### Math Anxiety
It is clear that there is a negative relationship between anxiety and mathematical achievement and performance (Ho et al. 2000). There are many possible sources of math anxiety, but classroom culture is an important contributing factor. Traditional approaches emphasizing rote-memorized rules and drill and practice can create anxiety. For example:
**Feelings of disorientation due to a lack of connection to prior knowledge:** Focusing on rigid, formal definitions for mathematical concepts reinforces a disconnection between mathematical knowledge and the learner's knowledge. Focus should instead be on related conceptual understandings that bridge the student's prior understandings to new mathematical understandings (Newstead 1998; Wilensky 1997).
**Fear of providing an incorrect answer:** Focusing on results and invalidating the students' personal insights discourages students from expressing their partial or incomplete understandings. This focus promotes a sense that the majority is clear about the mathematical concept, deterring students from admitting confusion (Wilensky 1997).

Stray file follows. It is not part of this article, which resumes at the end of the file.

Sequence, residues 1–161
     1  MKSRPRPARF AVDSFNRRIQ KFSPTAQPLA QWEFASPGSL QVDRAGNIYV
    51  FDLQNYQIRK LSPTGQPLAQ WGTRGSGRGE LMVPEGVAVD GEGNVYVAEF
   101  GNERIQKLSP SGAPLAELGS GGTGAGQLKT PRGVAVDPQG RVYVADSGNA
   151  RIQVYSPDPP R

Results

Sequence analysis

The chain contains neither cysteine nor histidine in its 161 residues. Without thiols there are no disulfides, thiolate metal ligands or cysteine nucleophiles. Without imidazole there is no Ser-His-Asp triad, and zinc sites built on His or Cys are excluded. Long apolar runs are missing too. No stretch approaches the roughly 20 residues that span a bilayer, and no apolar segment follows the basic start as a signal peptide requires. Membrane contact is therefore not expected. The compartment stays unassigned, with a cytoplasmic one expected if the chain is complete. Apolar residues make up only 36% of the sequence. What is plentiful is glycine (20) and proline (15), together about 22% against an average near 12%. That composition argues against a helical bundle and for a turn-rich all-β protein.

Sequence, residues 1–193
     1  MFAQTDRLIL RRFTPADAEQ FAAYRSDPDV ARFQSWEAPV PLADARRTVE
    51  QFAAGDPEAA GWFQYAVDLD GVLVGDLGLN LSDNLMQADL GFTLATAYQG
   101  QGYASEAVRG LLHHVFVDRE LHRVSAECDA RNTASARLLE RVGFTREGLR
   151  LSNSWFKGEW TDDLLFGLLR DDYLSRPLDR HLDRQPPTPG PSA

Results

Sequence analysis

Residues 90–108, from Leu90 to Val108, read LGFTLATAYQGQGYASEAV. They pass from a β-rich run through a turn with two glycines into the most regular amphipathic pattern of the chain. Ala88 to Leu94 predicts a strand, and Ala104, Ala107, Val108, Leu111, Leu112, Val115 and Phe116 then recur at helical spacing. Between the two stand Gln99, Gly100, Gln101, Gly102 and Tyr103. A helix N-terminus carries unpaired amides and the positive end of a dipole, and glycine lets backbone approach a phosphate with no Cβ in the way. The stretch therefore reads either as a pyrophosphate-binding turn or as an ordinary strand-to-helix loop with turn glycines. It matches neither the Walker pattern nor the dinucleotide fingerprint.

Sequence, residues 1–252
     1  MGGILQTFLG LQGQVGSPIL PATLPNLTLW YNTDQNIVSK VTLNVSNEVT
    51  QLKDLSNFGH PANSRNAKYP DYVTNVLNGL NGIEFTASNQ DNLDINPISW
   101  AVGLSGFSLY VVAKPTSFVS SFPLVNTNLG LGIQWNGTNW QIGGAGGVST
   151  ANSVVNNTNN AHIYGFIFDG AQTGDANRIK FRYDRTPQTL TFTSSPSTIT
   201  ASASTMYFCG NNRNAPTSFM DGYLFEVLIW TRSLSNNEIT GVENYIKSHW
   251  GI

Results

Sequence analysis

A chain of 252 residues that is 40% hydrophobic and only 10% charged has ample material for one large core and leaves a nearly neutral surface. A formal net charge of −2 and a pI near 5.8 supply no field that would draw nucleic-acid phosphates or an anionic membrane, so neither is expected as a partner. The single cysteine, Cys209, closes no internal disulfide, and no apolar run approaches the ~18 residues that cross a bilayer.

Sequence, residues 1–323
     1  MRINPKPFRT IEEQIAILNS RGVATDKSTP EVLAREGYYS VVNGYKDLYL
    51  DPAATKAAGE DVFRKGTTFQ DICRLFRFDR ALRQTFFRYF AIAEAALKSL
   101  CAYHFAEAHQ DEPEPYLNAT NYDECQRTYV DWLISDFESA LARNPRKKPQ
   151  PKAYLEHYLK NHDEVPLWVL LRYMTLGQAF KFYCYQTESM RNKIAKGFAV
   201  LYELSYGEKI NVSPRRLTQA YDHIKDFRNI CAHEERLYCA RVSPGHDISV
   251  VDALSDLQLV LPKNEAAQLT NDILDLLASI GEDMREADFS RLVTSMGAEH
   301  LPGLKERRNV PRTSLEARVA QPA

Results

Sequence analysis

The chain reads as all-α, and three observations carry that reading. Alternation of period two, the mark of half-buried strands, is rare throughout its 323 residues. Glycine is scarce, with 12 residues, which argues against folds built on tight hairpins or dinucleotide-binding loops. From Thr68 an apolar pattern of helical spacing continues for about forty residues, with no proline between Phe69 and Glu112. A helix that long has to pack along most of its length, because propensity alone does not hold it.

Once formed, negative attitudes and anxiety are difficult to change. Willis (2007) describes the ways in which the brain senses threat, becomes overactive and blocks access to higher cognitive centres when a person encounters anxiety or high stress situations. Consequences include avoidance of mathematics and interference with conceptual thinking and memory processes (Newstead 1998; Wilensky 1997).
Anxiety can be alleviated with alternative teaching approaches, such as methods of teaching in which students use and discuss their own strategies, solve non-routine problems, and discuss strategies in small groups. In supportive classrooms, students feel at ease to ask questions and to take risks without fear of criticism. Emphasis on connections to the learners' knowledge makes the transition to new knowledge more meaningful and safer (Newstead 1998; Wilensky 1997). |